I keep hearing COVID is raging back in Los Angeles. Puerto Williams feels like a safe place to be during the pandemic, even though the coldest winter I ever spent was a summer in Puerto Williams. Everyone stay healthy.

Please Meet Igor Bely

If you venture to Puerto Williams and don’t speak spanish, there is a good chance you will meet Igor Bely, a remarkable, generous man. Born at sea, he lives on the similarly remarkable Kotik, a 62′ steel yacht his father built. Rumors are he speaks 6 languages. Igor has been hugely helpful to me to get situated here in Chile, including loaning me a kayak to get to shore, showing me around town, buying me SIM card, having dinner aboard his amazing vessel, etc. etc. etc. All for a stranger that showed up unexpectedly but needed help. But this is how Igor rolls. After Sparrow dragged into town, he has been similarly helpful to another yacht that stopped in needing provisions.

Both an adventurer and sea captain here in Puerto Williams, Igor has been to Antarctica for 32 Summer seasons, meaning he has lost count of how many times he’s actually been there. He once crossed the Pacific on a Hobie Cat that took 14 months. Yes, you read that right, a Hobie Cat. Pretty sure he became more sick of dehydrated food on that trip than I currently am on my trip.

Kotik in Puerto Williams

Kotik was built explicitly for the ice and high latitudes. Insulation under the deck appeared to be at least 10 inches, the hull six inches. He explains that Kotik is more comfortable when its truly cold, say below 5 degrees F because the condensation on the inside of the steel hull freezes so the interior is not as damp. Appropriate for an expedition yacht, she is solid, comfortable with simple and reliable systems. She has a weighted centerboard allowing her to “anchor” temporarily just by dropping the board in shallow areas. She draws about a meter with the board up, allowing her to beach with the tide to work on the underbody, including the propeller and rudder. All her systems appear to be easily accessible for easier inspection and maintenance to minimize surprises. I have to say, there is nothing quite like a well maintained steel yacht to instill confidence as everything is so solid.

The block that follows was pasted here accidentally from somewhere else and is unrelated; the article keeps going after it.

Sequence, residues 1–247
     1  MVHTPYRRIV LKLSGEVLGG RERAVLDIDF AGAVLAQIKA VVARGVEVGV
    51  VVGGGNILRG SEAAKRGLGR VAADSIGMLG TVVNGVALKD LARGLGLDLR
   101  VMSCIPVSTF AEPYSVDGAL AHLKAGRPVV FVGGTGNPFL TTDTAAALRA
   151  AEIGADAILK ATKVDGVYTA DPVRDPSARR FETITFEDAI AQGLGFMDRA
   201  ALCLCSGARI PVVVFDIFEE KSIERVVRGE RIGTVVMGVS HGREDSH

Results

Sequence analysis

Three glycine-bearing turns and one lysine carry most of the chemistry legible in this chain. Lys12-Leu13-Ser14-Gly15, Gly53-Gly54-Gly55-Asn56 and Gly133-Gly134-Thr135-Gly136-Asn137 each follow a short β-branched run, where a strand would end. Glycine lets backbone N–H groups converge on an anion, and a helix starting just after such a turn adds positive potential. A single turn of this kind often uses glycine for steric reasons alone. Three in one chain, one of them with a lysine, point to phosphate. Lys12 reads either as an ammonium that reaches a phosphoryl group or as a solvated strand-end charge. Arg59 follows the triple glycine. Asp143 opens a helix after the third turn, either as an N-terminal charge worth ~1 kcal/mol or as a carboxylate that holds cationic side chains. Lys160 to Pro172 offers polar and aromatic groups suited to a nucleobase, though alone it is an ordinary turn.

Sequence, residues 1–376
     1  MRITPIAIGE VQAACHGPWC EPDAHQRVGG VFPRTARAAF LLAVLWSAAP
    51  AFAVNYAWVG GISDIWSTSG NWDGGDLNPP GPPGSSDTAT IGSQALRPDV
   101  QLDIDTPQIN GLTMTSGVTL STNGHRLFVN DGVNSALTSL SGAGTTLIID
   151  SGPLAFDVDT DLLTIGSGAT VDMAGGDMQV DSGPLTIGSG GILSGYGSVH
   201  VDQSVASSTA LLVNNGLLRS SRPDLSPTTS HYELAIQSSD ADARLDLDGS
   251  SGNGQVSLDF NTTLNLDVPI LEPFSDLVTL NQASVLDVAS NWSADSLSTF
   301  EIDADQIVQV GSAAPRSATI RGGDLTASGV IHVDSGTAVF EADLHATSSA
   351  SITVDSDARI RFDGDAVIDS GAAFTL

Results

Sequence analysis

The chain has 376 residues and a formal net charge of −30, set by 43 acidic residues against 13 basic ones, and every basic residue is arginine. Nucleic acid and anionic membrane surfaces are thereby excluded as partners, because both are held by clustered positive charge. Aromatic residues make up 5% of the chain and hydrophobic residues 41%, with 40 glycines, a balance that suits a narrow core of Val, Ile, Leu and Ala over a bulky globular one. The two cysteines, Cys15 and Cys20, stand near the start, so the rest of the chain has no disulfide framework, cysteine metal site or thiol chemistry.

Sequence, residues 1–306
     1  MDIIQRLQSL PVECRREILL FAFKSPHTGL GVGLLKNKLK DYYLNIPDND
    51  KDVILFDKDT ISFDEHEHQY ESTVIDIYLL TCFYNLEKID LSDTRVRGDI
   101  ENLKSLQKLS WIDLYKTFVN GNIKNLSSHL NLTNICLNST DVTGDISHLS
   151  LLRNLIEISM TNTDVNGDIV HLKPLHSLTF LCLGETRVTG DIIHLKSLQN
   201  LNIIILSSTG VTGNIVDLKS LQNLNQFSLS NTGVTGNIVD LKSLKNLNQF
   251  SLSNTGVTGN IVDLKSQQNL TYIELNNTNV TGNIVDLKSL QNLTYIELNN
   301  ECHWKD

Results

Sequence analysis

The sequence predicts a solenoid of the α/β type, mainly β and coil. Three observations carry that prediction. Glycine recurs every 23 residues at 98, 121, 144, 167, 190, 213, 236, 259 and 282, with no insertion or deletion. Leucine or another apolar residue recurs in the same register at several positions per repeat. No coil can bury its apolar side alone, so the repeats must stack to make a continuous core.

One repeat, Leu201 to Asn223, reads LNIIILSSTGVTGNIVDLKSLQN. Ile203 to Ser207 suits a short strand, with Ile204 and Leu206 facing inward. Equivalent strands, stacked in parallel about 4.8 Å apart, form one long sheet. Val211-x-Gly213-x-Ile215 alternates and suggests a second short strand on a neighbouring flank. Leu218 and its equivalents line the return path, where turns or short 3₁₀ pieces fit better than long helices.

Igor takes passengers aboard Kotik for 4-8 week trips to Antarctica, but this COVID year he is taking a group of friends in just a few days. All groups – whether tourists, researchers, mountain climbers, or adventurers – he takes are through word of mouth, and you don’t book a berth, you book the yacht. Further, he doesn’t just take anyone. You have to pass some qualifications (not physical) to be lucky enough to join him on one of his expeditions, and I won’t divulge what his qualifications are lest anyone attempts to game his intuitive system.

Igor exudes competence from many years of living at sea. It’s evident from the way he maintains his vessel, to his systems knowledge, to his knowledge of the area, to the way he handles his dinghy. This competence yields to comfort to those around him that everything will be OK, and all will be right with the world. It’s an honor to have met him, and I am beyond grateful for his assistance while I’m here in Puerto Williams. He can be found on Instagram @polaris.kotik oh, and yes, he’s single.

Puerto Williams, Chile

In my last post, I was thinking Ushuaia, Argentina was the place that would have the best infrastructure in the area to support repairing Sparrow. Alas, this was not to be. As I made my way West down the Beagle Strait on December 28, Ushuaia refused not only entry, but also even anchorage. The authorities there refused to assist a mariner in distress. I was crushed, and got emotional on the radio not knowing what to do. This all happened on open VHF channels, with many folks here in Puerto WIlliams, Chile listening in. The last sailboat to arrive in Puerto Williams was March, so Sparrow’s arrival to the area was a bit unusual.

After a brief exchange on VHF, the Puerto WIlliams Harbor Master allowed Sparrow to anchor off Puerto Williams temporarily while they determined what to do with me and Sparrow. Puerto Williams is on lockdown and a curfew due to COVID and Chile is not accepting foreigners so if they did anything it would be through a waiver process.
Puerto Williams happens to have a significant Chilean Naval presence and apparently the Navy took an interest in my case. The local authorities moved extraordinarily quickly and in the morning of the 29th two officers were onboard Sparrow taking pictures of my passport, vessel documentation, and some of the damage. Some hours later they allowed Sparrow to move into the inner harbor to a mooring, and in the afternoon there were 6 authorities in uniform onboard Sparrow where they asked me some questions, gave me a health inspection and then stamped my passport with a 90 day tourist visa. Boom.